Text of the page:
What SQL can be used to list the tables, and the rows within those tables in an SQLite database file – once I have attached it with the
ATTACH command on the
sqlite3 command line tool?
.schema "helper" functions don't look into ATTACHed databases: they just query the
SQLITE_MASTER table for the "main" database. Consequently, if you used
ATTACH some_file.db AS my_db;
then you need to do
SELECT name FROM my_db.sqlite_master WHERE type='table';
Note that temporary tables don't show up with
.tables either: you have to list
sqlite_temp_master for that:
SELECT name FROM sqlite_temp_master WHERE type='table';
There is a command available for this on the SQLite command line:
.tables ?PATTERN? List names of tables matching a LIKE pattern
Which converts to the following SQL:
SELECT name FROM sqlite_master WHERE type IN ('table','view') AND name NOT LIKE 'sqlite_%' UNION ALL SELECT name FROM sqlite_temp_master WHERE type IN ('table','view') ORDER BY 1
According to the documentation, the equivalent of MySQL's
SHOW TABLES; is:
The ".tables" command is similar to setting list mode then executing the following query:
SELECT name FROM sqlite_master WHERE type IN ('table','view') AND name NOT LIKE 'sqlite_%' UNION ALL SELECT name FROM sqlite_temp_master WHERE type IN ('table','view') ORDER BY 1;
However, if you are checking if a single table exists (or to get its details), see LuizGeron's answer.
The easiest way to do this is to open the database directly and use the
.dump command, rather than attaching it after invoking the SQLite 3 shell tool.
So... (assume your OS command line prompt is $) instead of
sqlite3> ATTACH database.sqlite as "attached"
From your OS command line, open the database directly:
$sqlite3 database.sqlite sqlite3> .dump
Use .da to see all databases - one is called 'main'.
Tables of this database can be seen by:
SELECT distinct tbl_name from sqlite_master order by 1;
The attached databases need prefixes you chose with AS in the statement ATTACH, e.g., aa (, bb, cc...) so:
SELECT distinct tbl_name from **aa.sqlite_master** order by 1;
Note that here you get the views as well. To exclude these add:
where type = 'table'
before ' order'
Since nobody has mentioned about the official reference of SQLite, I think it may be useful to refer to it under this heading:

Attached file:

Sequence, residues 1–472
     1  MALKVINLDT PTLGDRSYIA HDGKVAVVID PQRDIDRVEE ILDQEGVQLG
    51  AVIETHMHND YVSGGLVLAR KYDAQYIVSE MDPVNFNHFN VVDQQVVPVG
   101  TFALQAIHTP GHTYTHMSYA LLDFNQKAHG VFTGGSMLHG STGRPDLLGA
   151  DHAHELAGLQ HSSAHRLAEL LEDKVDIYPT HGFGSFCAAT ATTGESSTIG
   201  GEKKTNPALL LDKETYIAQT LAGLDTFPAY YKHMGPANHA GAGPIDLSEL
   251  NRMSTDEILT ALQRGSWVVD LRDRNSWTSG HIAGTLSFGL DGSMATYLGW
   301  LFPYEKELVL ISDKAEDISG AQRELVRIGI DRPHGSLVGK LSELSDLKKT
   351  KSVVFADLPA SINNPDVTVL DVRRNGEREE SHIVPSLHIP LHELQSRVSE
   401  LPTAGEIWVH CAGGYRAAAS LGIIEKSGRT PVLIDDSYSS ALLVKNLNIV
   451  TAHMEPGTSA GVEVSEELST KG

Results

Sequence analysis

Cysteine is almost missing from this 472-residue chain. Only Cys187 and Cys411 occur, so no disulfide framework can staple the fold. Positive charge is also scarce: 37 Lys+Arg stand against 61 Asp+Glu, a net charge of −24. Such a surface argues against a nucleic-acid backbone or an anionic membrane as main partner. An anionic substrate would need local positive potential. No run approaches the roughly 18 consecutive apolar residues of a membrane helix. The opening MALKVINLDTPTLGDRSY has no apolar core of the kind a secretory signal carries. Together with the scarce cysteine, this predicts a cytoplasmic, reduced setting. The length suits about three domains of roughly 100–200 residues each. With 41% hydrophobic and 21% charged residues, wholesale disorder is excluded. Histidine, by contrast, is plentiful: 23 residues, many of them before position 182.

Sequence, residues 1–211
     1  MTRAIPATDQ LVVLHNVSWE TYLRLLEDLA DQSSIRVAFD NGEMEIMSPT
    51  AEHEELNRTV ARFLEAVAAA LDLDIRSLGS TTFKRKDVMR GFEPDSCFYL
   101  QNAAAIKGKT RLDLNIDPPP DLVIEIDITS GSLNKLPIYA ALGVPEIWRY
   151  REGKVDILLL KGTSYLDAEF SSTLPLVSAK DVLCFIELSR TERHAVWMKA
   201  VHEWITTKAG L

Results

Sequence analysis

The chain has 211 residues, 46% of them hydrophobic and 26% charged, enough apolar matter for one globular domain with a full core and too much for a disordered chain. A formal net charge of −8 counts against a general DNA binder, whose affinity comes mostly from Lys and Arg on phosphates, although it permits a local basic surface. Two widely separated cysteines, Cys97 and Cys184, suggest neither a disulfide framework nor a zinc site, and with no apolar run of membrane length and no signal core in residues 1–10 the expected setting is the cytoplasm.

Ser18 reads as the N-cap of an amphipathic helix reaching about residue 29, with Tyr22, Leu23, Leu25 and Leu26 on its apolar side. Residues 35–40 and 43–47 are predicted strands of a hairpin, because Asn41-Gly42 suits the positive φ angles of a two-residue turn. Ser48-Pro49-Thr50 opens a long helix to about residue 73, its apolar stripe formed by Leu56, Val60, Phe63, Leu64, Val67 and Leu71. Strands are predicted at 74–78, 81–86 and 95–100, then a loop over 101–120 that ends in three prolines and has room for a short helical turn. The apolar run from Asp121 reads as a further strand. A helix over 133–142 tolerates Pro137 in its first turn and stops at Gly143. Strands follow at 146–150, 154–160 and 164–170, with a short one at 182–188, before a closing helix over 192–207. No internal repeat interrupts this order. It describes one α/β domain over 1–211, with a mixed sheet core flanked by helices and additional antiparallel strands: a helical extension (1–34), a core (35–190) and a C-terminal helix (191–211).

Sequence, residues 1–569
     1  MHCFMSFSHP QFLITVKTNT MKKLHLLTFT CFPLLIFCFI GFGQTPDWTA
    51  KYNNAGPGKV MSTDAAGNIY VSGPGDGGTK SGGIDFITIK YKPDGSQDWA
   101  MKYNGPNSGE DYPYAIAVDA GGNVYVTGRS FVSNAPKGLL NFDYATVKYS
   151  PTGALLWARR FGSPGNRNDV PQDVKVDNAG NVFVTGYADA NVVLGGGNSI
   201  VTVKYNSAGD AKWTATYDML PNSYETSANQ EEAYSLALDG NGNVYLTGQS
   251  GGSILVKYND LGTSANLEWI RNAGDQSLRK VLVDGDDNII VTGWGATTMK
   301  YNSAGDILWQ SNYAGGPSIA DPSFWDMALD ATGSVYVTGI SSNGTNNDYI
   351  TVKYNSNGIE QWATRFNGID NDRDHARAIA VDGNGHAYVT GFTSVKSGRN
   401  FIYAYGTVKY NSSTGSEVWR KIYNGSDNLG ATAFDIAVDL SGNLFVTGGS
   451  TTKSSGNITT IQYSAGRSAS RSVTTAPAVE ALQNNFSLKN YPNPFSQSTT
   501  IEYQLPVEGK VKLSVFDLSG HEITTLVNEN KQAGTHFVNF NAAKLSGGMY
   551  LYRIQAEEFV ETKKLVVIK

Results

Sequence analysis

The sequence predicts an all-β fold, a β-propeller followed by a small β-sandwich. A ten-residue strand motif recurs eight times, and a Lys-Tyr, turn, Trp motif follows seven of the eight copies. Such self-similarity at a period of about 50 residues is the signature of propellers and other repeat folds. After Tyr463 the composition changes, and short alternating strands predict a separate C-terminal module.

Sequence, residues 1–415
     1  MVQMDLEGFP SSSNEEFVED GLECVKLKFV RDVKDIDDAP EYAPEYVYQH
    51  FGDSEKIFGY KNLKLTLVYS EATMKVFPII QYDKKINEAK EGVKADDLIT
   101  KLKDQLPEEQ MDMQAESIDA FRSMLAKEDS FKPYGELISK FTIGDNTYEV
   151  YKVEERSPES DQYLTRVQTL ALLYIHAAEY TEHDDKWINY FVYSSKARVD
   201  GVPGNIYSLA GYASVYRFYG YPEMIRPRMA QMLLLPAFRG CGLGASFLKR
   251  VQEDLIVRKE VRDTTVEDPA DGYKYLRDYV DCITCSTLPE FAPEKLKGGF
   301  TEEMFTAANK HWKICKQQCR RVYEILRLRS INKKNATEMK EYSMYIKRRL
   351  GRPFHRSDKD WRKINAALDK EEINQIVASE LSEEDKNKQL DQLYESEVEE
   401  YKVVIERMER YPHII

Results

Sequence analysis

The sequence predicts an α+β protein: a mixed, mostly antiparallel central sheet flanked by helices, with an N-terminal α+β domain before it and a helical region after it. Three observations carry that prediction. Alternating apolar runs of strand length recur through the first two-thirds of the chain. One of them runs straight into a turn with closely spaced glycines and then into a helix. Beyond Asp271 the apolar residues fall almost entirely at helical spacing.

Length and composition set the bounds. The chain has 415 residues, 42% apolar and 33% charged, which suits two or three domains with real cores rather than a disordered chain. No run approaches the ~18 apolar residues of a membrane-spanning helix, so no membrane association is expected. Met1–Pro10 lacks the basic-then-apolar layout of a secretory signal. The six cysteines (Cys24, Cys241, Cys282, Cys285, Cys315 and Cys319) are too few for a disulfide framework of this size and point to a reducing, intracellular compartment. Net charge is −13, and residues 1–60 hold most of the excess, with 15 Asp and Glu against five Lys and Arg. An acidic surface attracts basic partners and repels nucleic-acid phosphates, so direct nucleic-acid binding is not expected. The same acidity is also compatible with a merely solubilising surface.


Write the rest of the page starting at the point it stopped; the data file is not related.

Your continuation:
You can manipulate your database using the commands described in this link. Besides, if you are using Windows OS and do not know where the command shell is, that is in the SQLite's site:
After downloading it, click sqlite3.exe file to initialize the SQLite command shell. When it is initialized, by default this SQLite session is using an in-memory database, not a file on disk, and so all changes will be lost when the session exits. To use a persistent disk file as the database, enter the ".open ex1.db" command immediately after the terminal window starts up.
The example above causes the database file named "ex1.db" to be opened and used, and created if it does not previously exist. You might want to use a full pathname to ensure that the file is in the directory that you think it is in. Use forward-slashes as the directory separator character. In other words use "c:/work/ex1.db", not "c:\work\ex1.db".
To see all tables in the database you have previously chosen, type the command .tables as it is said in the above link.
If you work in Windows, I think it might be useful to move this sqlite.exe file to same folder with the other Python files. In this way, the Python file writes to and the SQLite shell reads from .db files are in the same path.
Since the questioner did not provide a minimal reproducible example, I'll include a possible one in the following steps:
- attach secondary in-memory database as
- create a table
numbersin the attached database (with
- inspect metadata of
auxvia PRAGMA table_xinfo
ATTACH DATABASE 'file::memory:' AS aux; CREATE TABLE aux.numbers (v INT, name TEXT); PRAGMA aux.table_xinfo(numbers);
Like all pragmas,
pragma table_xinfo can also be used in form of a pragma function. We select its results from
pragma_table_xinfo, please note that the table name argument must be a string literal here.
SELECT * FROM aux.pragma_table_xinfo('numbers');
Here is the output of both query variants (jazzed up by
┌─────┬──────┬──────┬─────────┬────────────┬────┬────────┐ │ cid │ name │ type │ notnull │ dflt_value │ pk │ hidden │ ├─────┼──────┼──────┼─────────┼────────────┼────┼────────┤ │ 0 │ v │ INT │ 0 │ │ 0 │ 0 │ │ 1 │ name │ TEXT │ 0 │ │ 0 │ 0 │ └─────┴──────┴──────┴─────────┴────────────┴────┴────────┘
You may be interested in the fact that you can get meta information about the pragma “tables” themselves, try
pragma table_xinfo(pragma_xinfo); if you're curious.
To get a list of tables in a SQLite database, you can use a simple SQL query. In SQLite, there's a table called
sqlite_master that stores metadata about the database schema, including the table names. You can query this table to retrieve the names of all tables in the database.
Let's assume, for example, we have two tables,
table2 in the SQLite database.
Here's the SQL query to fetch the list of tables in the SQLite database:
SELECT name FROM sqlite_master WHERE type='table';
[('table1',), ('sqlite_sequence',), ('table2',)]
Filter the results to only include entries of type 'table' while excluding internal SQLite tables (those starting with
SELECT name FROM sqlite_master WHERE type='table' AND name NOT LIKE 'sqlite_%';